Music is a unique way of communicating that can inspire and motivate children. It is a vehicle for personal expression, and it can play an important part in the personal development of people. Music reflects the culture and society we live in, and so the teaching and learning of music enables children to better understand the world that they live in; it also plays an important part in helping children to feel part of a community.
…It is our intent that, by the time they leave Wilkinson Primary School, all our learners will: aspire to develop a love of music and their talent as musicians, and so increase their self-confidence, creativity and sense of achievement; developing critically, allowing them to compose, and to listen with discrimination.
Given that there could be an additional risk of infection in environments where children and adults are singing, chanting, playing wind and brass instruments or shouting, singing should not happen in groups of more than 15 and when it does take place, children need to be side-by-side and not facing one another. This has implications for our music curriculum and adjustments will need to be made in-line with current government guidance.
Peripatetic instrumental teaching within school has been temporarily suspended.
Our new build at Wilkinson Primary School was designed with performance in mind!
The large hall is fantastic for whole school productions and assemblies but it can be partitioned to allow practices in the dance studio, which has a stage, large mirrors for practice, together with storage for an array of musical instruments.
The whole venue is pulled together with a sound and lighting rig which is controlled from a sound room, located upstairs. From here lighting sequences can be programmed, microphones can be controlled and music played. We also have the facility to record podcasts and broadcast these internally on our own Wilkinson Radio.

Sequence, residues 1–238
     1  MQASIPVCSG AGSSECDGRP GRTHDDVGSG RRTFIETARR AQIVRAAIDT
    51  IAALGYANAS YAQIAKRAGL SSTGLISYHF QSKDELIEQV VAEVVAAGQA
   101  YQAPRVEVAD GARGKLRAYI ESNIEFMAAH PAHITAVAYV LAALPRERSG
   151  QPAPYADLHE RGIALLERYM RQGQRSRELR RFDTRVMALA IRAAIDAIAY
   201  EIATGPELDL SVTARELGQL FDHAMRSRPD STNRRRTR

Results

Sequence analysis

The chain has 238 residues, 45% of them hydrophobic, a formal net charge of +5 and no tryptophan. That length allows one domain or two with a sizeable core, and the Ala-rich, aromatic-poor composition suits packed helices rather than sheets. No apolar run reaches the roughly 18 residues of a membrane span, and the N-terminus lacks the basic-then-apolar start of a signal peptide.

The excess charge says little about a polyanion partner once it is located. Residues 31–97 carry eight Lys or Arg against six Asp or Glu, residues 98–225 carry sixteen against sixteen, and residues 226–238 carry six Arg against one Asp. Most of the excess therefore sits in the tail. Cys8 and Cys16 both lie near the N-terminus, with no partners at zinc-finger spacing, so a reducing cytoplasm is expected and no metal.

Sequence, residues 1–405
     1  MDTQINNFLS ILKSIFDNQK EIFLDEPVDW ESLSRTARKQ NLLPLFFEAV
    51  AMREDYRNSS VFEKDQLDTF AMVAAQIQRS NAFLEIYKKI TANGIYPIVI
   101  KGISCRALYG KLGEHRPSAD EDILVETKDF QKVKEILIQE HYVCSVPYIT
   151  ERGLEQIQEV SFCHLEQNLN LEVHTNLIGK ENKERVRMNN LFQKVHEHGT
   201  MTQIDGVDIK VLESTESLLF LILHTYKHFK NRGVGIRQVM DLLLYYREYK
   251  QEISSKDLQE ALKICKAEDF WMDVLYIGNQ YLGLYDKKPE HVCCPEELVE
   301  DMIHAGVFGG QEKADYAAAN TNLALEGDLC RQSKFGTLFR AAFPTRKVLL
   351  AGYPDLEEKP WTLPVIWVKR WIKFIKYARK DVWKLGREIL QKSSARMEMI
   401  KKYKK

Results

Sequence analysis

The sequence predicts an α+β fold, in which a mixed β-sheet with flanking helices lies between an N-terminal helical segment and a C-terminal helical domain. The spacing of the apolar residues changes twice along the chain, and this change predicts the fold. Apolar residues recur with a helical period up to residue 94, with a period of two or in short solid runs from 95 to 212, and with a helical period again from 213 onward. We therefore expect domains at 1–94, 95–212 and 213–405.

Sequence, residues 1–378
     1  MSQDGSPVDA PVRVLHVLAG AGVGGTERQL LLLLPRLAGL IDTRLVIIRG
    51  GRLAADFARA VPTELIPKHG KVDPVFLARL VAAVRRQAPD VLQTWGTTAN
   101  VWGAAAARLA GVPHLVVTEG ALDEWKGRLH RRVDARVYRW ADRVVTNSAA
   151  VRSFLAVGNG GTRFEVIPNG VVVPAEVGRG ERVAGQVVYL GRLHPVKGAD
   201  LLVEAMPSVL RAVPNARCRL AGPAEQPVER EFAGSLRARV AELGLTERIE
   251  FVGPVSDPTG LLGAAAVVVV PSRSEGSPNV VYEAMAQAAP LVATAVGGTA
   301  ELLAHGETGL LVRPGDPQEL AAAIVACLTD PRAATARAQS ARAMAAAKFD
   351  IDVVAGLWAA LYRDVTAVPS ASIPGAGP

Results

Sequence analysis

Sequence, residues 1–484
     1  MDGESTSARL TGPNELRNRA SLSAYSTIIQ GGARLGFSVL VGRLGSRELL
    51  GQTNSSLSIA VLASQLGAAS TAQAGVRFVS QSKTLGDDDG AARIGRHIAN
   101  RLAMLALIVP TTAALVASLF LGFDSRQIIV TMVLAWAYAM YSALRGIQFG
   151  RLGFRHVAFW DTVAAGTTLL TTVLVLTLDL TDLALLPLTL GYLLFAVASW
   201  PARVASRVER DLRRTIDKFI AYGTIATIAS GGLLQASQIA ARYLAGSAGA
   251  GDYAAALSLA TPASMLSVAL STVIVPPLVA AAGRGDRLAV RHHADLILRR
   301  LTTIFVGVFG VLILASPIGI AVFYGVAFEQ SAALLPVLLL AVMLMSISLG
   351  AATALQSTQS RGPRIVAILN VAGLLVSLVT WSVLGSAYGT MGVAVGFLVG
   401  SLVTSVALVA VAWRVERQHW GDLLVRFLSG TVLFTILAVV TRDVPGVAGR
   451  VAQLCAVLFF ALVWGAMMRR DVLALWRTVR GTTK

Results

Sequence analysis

At Wilkinson Primary we follow a scheme of work produced by Wolverhampton Music School, the aim of the scheme is to allow children to develop their understanding of musical features through a range of different styles, eras and genres of music. The scheme also allows children to become familiar with different musical cultures around the world throughout its progressive format.
In addition to the scheme we also have Wolverhampton Music School peripatetic staff, who come into school to teach guitar and drums. Children are encouraged to take responsibility for their instruments, practice regularly, join in with group performances and take examinations on both of these instruments.
As Wilkinson Primary is an inclusive school, all children from Year 1 will be given the opportunity both to learn the recorder and tuned percussion, such as glockenspiels, which help pupils develop their understanding of musical notation and melody. All children throughout the school have home-access to Charanga Music World, which offers a virtual music experience where they will get to learn about a range of musical instruments by playing games, watching videos and completing quizzes. A Charanga lunchtime club is offered for those children without internet access at home.
School choir is open to all pupils at Wilkinson and is run as a lunchtime club. There are many opportunities to sing throughout the year and we have been involved in Young Voices concerts at the Genting Arena, inter school Carol Concerts at our local churches, the local retirement home and Hope in the Park to mention but a recent few.
Wilkinson also holds an annual Dance Festival, a celebration of dance which encourages children to develop their links with the local community and other schools in the area. Our gifted and talented also showcase their talents annually at national dance competitions and festivals.
Streetdance is offered as a club and we also have a gifted group of exceptional dancers, who practice at a separate time. Dance is used as a medium to allow children to be a part of a wider multi-cultural world and it is often used within the curriculum to explore elements such as Black History week, Diwali and Chinese New Year. Visiting groups are often invited into school at these times to share traditional dance and cultures with pupils.
For individuals who would like to showcase their talents – assemblies are a great way of sharing! We have budding musicians who use time before school and lunchtime to practise and then play in front of the whole school in and out of assembly, promising dancers also love to use this time as a platform to share their performance flair.
It is important for our pupils to understand that they all have the capacity to take part in music and the way in which we do this is to immerse them in a range of different experiences. Our past trips have been to the Symphony Hall and Town Hall in Birmingham, involvement in the Music for Youth programme that showcases young groups of children performing in different ways as well taking part in sessions ran by the Wolverhampton Music Service.